- Zachodni, MBank lead gains as Morawiecki offers olive branch
- Compromise on foreign-currency mortgages is relief for banks
Polish stocks rose to the highest this year after the government softened its stance on swapping foreign-currency mortgages into zloty, easing concern that banks will face as much as $11 billion in costs.
The WIG20 Index jumped 2.9 percent at 3:06 p.m. in Warsaw, led by Bank Zachodni WBK SA and MBank SA. Prime Minister Mateusz Morawiecki told reporters that the government may revise the program to convert $42 billion of loans in Swiss francs and euros. The comment signaled he may be willing to compromise on proposals by the Law & Justice party to realize campaign pledges of more social spending that helped it win the national election in October.
“Morawiecki showed that the government may take a more rational and responsible approach, and won’t allow banks to be hurt too much,” said Andrzej Knigawka, an analyst at ING Securities SA in Warsaw.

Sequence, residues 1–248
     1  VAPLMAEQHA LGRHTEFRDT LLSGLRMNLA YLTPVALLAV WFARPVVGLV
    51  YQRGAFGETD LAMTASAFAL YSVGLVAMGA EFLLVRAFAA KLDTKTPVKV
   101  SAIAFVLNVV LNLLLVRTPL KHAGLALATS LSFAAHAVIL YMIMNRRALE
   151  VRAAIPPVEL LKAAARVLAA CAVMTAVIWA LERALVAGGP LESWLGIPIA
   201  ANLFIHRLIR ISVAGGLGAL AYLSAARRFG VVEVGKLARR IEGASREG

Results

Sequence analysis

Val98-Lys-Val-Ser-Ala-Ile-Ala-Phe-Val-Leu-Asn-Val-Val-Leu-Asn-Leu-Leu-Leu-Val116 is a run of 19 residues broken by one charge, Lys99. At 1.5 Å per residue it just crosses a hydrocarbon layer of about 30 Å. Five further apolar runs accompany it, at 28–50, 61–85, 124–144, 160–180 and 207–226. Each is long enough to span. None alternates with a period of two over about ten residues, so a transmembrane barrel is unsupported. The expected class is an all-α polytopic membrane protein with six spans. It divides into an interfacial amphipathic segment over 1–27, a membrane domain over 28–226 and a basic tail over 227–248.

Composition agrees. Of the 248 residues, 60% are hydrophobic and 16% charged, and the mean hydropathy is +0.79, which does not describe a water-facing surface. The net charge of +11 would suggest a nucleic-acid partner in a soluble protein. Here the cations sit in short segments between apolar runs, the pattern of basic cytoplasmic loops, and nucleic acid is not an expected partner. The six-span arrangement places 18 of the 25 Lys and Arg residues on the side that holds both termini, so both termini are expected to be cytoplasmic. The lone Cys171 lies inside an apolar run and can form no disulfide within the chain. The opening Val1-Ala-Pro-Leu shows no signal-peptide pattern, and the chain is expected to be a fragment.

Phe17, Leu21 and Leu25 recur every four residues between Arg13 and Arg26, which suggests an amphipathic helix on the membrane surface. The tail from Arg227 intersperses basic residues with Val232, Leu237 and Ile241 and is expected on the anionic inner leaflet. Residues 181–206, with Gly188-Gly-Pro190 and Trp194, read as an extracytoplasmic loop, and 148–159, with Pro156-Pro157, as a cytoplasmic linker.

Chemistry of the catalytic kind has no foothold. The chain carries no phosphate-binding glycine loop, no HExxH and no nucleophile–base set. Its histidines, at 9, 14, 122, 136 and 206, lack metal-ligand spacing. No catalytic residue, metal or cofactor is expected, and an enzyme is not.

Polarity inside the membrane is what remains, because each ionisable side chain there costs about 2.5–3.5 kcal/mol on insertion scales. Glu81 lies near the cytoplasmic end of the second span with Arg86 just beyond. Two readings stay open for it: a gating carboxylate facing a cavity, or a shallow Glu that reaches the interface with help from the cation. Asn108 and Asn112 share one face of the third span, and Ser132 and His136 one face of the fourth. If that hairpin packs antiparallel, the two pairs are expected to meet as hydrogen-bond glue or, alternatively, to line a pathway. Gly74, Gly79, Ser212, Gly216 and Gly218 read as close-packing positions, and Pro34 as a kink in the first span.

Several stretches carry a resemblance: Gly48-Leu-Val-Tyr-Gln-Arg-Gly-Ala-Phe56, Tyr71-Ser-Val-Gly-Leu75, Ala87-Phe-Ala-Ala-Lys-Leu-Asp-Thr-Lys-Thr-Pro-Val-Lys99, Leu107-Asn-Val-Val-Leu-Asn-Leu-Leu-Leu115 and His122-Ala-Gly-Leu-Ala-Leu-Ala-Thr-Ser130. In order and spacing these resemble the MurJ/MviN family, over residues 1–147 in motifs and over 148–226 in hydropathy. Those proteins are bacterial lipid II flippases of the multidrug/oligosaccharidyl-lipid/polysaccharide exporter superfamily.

Bank Zachodni, a unit of Banco Santander SA, and Commerzbank AG’s MBank gained at least 6 percent after Morawiecki said President Andrzej Duda “won’t push” an earlier proposal to re-denominate foreign-currency loans using non-market exchange rates.
A gauge of banks traded on the Warsaw bourse fell to the lowest level in more than three years last month on concern about the proposal’s cost which an estimate by the central bank put at 44 billion zloty ($11 billion).